The other half of the Vollborn family herd is a purebred operation owned by Fred and Luke Vollborn. The father and son duo raise around 300 head of purebred and composite Charolais, as well as Angus and show cattle. Currently the Vollborns are preparing some cattle to take to sales in Virginia and Tennessee and have also sold their cattle in consignments in Ohio, Missouri and Kentucky.

Vollborn Cattle Company also offers a custom embryo program for other purebred cattle operations. The breeder supplies the embryo and the Vollborns furnish the recipient cow and raise the calf until it is ready to be delivered to the producer at 5 months of age. “We are completely an AI operation except for a few cleanup bulls,” said Fred. Although tweaking their AI program has come with its challenges over the years.

“Humidity and fescue in the area contributed to low conception rates. Most of our forages are low in copper,” he said. “In our embryo work, we found the best conception rates to be in the middle of December through February, when it’s a little cooler,” he said. But the Vollborns do calve all year round.

Conservation practices

Vollborn cattle
Vollborn Farms, managed by brothers Ed, Fred and Ray, raise all natural Angus feeder cattle in Bidwell, Ohio. Ed Vollborn was happy to report that most of the calves sold from the farm in the past year remained in Ohio to be finished. (Catie Noyes photo)

While the Vollborns focus mostly on raising cattle, they do grow a small amount of corn — about 25 acres — used for backgrounding cattle. That 25 acres is picked so the cobs can used in the feed, keeping the cattle “lean and mean,” said Ed, noting that’s what the consumers want. In caring for the land, they use no-till and minimum tillage when necessary. Pastures have been improved by their use of lime and installation of feed pads for the cattle.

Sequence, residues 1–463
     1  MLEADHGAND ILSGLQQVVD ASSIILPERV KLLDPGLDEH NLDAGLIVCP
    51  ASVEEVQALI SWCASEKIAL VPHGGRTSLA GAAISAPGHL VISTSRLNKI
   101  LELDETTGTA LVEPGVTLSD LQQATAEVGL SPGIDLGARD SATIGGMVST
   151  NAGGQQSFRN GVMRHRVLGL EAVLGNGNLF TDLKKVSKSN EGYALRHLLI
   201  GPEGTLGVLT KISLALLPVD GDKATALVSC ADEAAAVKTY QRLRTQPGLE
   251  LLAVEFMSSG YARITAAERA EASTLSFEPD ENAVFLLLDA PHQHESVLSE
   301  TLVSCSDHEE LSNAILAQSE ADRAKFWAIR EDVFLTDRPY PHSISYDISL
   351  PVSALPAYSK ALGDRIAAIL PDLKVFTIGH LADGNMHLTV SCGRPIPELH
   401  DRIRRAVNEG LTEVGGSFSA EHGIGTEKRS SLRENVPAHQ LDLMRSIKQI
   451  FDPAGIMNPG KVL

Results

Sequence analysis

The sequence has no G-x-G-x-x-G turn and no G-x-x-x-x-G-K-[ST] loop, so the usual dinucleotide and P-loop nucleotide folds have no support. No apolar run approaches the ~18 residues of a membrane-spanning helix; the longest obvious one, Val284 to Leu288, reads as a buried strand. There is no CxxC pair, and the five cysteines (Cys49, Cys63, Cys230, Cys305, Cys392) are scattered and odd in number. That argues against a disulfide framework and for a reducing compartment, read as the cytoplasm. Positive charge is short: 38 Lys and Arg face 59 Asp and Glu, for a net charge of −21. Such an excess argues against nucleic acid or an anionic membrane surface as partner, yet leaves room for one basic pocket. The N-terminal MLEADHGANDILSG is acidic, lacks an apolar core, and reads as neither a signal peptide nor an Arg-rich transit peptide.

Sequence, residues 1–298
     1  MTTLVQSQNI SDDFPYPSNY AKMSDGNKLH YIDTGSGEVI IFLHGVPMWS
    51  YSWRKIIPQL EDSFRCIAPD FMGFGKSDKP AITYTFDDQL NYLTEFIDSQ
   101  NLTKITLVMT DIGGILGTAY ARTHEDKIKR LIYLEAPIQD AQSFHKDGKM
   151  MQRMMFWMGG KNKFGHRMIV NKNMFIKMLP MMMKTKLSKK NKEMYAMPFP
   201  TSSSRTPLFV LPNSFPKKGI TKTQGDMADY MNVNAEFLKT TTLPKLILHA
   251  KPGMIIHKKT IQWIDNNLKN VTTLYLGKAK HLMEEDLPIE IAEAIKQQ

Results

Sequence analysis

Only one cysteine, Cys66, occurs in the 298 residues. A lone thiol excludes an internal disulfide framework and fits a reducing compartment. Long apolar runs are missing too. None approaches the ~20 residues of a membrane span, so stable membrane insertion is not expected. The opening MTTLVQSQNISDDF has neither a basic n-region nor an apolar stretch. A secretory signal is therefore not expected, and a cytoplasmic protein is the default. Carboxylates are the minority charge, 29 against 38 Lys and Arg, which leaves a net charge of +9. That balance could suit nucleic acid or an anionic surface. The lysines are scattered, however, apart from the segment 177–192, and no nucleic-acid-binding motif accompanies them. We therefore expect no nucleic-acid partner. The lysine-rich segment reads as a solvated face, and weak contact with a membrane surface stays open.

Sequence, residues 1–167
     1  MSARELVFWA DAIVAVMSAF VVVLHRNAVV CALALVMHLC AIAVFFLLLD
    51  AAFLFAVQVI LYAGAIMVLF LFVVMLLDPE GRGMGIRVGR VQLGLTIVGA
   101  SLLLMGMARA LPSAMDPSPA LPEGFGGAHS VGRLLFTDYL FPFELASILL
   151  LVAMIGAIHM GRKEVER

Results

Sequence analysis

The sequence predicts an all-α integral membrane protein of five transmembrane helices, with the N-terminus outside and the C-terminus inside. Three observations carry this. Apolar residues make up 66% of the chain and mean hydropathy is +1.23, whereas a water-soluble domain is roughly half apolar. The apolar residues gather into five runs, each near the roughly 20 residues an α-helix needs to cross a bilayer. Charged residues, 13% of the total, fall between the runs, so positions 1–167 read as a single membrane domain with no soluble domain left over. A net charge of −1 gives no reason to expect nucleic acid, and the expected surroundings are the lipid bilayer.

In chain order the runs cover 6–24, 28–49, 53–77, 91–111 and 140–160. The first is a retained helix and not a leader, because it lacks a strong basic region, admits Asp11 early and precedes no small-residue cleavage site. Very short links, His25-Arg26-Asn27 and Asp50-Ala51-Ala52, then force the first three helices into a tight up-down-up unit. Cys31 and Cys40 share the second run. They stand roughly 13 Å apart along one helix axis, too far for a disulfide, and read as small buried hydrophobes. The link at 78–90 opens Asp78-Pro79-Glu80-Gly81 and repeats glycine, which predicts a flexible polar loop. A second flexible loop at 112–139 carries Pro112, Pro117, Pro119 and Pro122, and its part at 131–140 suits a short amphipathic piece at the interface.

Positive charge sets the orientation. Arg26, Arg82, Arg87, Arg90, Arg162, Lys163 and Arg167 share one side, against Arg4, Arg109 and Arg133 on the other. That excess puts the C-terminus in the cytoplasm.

Fred just recently installed an access roadway through one of his main pastures, which he said will be a big help. “The ground doesn’t freeze as much here, so we tend to have a lot of mud, especially this time of year,” said Fred. The Vollborns also continue to develop natural springs on the property.

Vollborn family
Everyone in the Vollborn family juggles full-time jobs and full-time farming but Fred and Ed agree, without the help of the younger generation, they would not be able to continue farming. (Ohio Cattlemen’s photo)

Family affair

Everyone in the Vollborn family has to juggle full-time, off-farm jobs to keep the family operation running, with the exception of Ray, who is the only one who has been full-time on the home farm over the years. Ed served as an Ohio State University Extension agent for 25 years and Fred managed Bob Evans Hidden Valley Ranch for 35 years. Fred’s son, Luke, works for the Ohio Valley Electric Company.

But Fred and Ed agreed they would not be able to continue farming without Luke and the younger generation. The grandchildren, although still very young, also show interest in helping out on the farm where they can. It’s one way they have been able to keep their costs down in a tight economy, by sharing the labor and equipment needed to run the farms.